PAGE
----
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Tower Insurance Co. of New York v. Estate of DeCosta

Supreme Court of New York, First Department

January 30, 2014

Tower Insurance Company of New York, Plaintiff-Respondent,
v.
The Estate of Darnley DeCosta c/o Sydney Gordon, etc., Defendant-Appellant, Lawrence Bennett, et al., Defendants-Respondents. [And A Third-Party Action]

Borah, Goldstein, Altschuler, Nahins & Goidel, P.C., New York (Paul N. Gruber of counsel), for appellant.

Mound Cotton Wollan & Greengrass, New York (Labe C. Feldman of counsel), for Tower Insurance Company of New York, respondent.

Jeffrey I. Schwimmer, New York, for Bennett respondents.

Gonzalez, P.J., Friedman, Renwick, Freedman, Richter, JJ.

Order, Supreme Court, New York County (Joan M. Kenney, J.), entered November 13, 2012, which, inter alia, denied appellants' motion seeking the appointment of a guardian ad litem (GAL) for Sydney Gordon, without prejudice to seeking such relief pursuant to Article 81 of Mental Hygiene Law, unanimously affirmed, without costs.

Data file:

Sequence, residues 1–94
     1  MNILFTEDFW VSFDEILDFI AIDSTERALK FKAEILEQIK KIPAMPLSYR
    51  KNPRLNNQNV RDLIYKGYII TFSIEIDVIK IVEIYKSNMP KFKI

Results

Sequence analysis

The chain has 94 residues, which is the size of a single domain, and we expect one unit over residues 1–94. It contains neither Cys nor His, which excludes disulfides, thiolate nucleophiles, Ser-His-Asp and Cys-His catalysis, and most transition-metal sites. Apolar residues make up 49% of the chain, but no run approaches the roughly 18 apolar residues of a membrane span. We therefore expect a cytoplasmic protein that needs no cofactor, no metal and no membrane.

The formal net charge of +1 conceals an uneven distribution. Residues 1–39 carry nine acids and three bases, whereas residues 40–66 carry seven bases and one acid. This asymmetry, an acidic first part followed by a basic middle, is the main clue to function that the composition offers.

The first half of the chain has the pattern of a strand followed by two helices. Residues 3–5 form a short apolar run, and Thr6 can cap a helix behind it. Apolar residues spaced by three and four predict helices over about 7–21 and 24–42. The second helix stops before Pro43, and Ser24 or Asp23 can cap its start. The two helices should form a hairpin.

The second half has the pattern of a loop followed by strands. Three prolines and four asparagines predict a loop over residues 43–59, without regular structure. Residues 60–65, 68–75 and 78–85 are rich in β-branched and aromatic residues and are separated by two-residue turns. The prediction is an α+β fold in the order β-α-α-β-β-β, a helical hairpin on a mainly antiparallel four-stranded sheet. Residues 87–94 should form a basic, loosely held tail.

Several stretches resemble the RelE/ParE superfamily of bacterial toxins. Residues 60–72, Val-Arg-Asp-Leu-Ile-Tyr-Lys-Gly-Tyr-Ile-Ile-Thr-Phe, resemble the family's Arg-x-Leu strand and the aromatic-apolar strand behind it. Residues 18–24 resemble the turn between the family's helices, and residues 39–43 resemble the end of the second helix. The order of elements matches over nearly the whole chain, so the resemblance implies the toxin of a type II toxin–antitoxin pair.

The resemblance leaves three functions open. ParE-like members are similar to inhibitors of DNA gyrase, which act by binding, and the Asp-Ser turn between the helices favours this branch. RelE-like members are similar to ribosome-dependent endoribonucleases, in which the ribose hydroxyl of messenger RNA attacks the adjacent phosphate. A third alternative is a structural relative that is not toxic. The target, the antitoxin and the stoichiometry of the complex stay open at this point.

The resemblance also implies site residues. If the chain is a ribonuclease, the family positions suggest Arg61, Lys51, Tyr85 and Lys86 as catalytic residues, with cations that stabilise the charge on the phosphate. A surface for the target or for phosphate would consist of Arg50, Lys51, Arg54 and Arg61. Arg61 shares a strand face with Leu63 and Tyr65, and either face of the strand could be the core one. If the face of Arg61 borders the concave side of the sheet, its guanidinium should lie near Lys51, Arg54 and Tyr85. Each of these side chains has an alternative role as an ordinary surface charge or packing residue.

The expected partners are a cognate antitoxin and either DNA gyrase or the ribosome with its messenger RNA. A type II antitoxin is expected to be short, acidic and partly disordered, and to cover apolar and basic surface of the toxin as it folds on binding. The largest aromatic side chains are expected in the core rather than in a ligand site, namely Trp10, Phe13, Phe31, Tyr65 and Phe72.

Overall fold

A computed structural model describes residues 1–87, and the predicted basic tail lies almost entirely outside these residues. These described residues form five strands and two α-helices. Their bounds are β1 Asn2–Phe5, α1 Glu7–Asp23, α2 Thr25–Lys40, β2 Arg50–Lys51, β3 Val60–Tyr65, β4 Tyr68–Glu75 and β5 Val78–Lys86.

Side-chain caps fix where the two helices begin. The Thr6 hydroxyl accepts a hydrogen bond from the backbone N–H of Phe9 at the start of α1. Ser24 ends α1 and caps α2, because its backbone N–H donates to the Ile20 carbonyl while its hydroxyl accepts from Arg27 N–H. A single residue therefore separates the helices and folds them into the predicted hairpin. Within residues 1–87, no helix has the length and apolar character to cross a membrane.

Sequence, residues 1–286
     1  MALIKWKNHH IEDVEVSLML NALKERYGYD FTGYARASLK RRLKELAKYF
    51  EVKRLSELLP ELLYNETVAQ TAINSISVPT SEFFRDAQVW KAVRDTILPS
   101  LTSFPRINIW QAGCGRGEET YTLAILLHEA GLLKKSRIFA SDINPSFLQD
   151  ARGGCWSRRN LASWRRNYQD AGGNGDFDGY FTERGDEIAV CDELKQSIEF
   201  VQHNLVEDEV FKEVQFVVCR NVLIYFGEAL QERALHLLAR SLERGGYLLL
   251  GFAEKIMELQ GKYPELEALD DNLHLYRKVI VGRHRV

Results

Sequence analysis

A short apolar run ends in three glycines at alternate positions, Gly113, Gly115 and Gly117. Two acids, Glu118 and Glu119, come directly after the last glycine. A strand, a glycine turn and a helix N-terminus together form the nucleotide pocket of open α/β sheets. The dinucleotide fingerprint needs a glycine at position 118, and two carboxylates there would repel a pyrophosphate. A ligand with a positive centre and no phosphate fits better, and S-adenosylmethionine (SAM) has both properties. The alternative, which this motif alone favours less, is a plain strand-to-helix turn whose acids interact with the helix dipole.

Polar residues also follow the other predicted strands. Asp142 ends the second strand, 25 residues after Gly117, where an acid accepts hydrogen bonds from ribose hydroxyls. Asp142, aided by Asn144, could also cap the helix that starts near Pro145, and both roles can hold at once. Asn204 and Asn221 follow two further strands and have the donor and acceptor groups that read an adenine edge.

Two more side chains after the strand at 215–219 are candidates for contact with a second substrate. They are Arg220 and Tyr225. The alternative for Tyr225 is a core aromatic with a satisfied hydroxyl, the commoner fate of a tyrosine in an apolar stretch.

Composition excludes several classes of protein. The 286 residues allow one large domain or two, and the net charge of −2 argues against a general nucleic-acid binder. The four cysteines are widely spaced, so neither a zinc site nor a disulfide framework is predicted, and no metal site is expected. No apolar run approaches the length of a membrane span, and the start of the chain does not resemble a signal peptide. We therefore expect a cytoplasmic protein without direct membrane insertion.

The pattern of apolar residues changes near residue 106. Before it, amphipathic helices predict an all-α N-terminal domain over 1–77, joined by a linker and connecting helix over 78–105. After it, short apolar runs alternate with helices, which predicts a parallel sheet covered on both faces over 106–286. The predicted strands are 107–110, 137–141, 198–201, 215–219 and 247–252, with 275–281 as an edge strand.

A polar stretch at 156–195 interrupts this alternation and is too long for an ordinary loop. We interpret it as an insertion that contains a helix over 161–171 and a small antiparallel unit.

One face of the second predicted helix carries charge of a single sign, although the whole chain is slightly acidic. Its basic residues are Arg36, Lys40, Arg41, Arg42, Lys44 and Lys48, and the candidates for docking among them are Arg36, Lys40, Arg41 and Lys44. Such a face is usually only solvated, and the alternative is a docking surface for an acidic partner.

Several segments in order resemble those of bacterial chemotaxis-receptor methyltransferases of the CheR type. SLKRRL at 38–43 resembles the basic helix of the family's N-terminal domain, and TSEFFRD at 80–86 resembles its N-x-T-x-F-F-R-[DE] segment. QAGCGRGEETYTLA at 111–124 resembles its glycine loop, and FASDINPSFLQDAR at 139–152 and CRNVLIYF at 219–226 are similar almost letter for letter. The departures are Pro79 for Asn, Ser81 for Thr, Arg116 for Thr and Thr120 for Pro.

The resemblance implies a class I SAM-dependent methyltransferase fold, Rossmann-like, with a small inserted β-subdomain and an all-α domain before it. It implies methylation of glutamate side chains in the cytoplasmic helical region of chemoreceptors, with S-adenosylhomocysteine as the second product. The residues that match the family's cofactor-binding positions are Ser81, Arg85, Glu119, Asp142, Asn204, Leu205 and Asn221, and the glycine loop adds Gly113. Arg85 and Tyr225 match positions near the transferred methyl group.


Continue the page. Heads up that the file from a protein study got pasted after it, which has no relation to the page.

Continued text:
As an initial matter, the court did not neglect to consider appellants' application for a GAL pursuant to CPLR 1201, but expressly denied the motion. The court properly denied the motion, without a hearing, as appellants' moving papers were insufficient to make a prima facie demonstration of the need for the appointment of a GAL for Sydney Gordon (see Roach v Benjamin, 78 A.D.3d 468 [1st Dept 2010]; Urban Pathways v Lublin, 227 A.D.2d 186 [1st Dept 1996]).

In their initial papers, appellants submitted affidavits from counsel and Gordon's family, which generally described an elderly man with some memory loss and difficulties managing a multiple dwelling. They did not indicate that Gordon was incapable of prosecuting or defending his rights. Conspicuously absent were any medical records supporting appellants' position. Respondents, on the other hand, submitted the record of Gordon's most recent doctor visit, which did not support appellants' position, as, among other things, Gordon's treating physician expressly concluded that Gordon did not need a guardian and was able to handle his own affairs. Even the medical records by the same physician of earlier examinations, submitted for the first time in appellants' reply papers, were insufficient.


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